Conservative Sebastián Piñera is leading in Chile’s presidential elections, partial results show.
With more than half the votes counted, the 67-year-old billionaire has 37%.
Socialist contender Alejandro Guillier is second with 23% – just ahead of leftist hopeful Beatriz Sanchez (20%).
The results suggest Mr Piñera, who held the post in 2010-14, will fail to get 50% needed to avoid a run-off in December. Incumbent leader Michelle Bachelet is unable to seek re-election.
In all, eight candidates are vying for Chile’s presidency.
On Sunday, voters were also electing all 155 members of the lower house and half of the senate.
Opinion polls had made Mr Piñera favourite to win the vote.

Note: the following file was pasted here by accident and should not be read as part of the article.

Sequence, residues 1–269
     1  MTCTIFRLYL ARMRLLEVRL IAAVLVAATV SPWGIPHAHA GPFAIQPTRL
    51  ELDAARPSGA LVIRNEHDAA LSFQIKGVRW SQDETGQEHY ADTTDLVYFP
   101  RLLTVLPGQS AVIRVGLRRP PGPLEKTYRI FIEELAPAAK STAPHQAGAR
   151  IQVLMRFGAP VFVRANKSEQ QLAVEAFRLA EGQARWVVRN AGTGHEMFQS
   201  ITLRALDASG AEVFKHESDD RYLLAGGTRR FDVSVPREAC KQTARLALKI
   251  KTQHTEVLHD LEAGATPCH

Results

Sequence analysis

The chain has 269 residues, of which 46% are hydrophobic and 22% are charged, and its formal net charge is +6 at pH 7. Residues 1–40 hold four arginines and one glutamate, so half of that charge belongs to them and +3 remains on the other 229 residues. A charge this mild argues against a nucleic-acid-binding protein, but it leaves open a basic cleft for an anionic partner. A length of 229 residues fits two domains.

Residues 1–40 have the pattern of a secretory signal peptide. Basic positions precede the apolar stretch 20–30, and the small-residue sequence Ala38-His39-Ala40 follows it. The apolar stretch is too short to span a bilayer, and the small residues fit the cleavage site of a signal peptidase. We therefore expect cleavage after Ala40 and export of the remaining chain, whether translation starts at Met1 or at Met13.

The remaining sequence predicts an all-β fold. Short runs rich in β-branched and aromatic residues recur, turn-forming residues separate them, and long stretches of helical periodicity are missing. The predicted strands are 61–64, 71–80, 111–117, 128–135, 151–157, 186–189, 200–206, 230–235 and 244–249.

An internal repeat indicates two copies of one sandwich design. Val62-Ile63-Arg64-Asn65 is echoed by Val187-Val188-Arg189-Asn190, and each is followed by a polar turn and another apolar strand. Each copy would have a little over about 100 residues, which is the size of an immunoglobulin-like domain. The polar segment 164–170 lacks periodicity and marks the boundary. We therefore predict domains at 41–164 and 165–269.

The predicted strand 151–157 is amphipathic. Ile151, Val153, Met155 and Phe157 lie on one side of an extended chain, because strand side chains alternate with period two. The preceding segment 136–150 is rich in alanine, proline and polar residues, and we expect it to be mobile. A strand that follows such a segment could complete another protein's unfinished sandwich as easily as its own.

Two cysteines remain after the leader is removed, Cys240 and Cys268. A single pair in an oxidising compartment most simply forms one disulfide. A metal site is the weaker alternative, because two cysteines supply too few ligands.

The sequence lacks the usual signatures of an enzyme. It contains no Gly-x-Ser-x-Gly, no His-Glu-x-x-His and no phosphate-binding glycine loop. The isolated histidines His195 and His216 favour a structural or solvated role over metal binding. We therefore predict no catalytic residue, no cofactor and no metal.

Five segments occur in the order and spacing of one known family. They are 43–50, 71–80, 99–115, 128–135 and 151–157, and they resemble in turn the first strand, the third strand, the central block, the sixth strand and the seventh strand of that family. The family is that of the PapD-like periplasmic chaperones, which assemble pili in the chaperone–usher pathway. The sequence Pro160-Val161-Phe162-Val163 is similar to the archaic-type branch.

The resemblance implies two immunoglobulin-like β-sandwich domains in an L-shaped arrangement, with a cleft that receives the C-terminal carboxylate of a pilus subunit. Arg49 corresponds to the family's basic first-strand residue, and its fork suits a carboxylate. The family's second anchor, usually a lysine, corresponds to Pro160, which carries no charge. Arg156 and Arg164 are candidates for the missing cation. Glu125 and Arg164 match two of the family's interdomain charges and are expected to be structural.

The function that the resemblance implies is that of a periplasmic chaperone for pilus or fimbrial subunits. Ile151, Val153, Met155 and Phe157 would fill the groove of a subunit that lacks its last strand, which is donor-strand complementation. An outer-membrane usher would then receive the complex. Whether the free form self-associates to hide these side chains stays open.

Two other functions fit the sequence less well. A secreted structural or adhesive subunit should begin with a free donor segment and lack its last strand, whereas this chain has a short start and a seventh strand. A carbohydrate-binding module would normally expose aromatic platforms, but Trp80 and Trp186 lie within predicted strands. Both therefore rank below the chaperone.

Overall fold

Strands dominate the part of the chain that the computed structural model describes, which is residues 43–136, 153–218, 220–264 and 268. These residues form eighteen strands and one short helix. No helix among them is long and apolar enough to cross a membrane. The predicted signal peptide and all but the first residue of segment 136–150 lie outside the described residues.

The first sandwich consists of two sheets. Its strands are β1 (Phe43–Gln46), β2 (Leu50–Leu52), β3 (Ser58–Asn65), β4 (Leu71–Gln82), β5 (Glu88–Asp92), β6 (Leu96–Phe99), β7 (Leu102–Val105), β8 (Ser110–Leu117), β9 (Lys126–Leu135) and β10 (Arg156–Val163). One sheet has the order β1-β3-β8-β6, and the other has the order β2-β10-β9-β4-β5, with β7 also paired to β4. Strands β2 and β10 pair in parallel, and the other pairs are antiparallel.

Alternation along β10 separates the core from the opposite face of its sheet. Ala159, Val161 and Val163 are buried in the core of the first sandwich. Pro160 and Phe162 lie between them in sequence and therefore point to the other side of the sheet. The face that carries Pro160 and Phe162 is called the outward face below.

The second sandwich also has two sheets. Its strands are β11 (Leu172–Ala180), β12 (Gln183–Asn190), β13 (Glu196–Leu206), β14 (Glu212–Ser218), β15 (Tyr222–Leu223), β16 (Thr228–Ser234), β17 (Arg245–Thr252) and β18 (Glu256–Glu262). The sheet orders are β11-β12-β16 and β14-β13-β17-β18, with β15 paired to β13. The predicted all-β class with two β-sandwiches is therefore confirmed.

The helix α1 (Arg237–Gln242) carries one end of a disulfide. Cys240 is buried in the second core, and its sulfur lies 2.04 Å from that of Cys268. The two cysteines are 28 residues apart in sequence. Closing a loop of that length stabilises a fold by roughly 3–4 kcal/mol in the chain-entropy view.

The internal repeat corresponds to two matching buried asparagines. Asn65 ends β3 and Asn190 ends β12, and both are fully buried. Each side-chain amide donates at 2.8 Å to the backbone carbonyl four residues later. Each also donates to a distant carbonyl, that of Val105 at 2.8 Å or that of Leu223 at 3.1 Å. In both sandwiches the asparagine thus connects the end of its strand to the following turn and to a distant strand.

In 2010, he became Chile’s first conservative leader since the country’s return to democracy, ending two decades of uninterrupted centre-left rule.
During the current presidential campaign Mr Piñera managed to unite Chile’s conservative wing, and enjoys backing of the business community.
He represents the right-wing Chile Vamos coalition.
His victory would mark another shift to the right in South America after the rise of conservative leaders in Argentina, Brazil and Peru.
Mr Piñera’s main rival Mr Guillier is a former journalist and is candidate from Ms Bachelet’s left-wing Nueva Mayoria coalition.
The 64-year-old pledged to continue a series of liberal reforms launched by Ms Bachelet, who is barred from seeking immediate re-election under Chile’s constitution.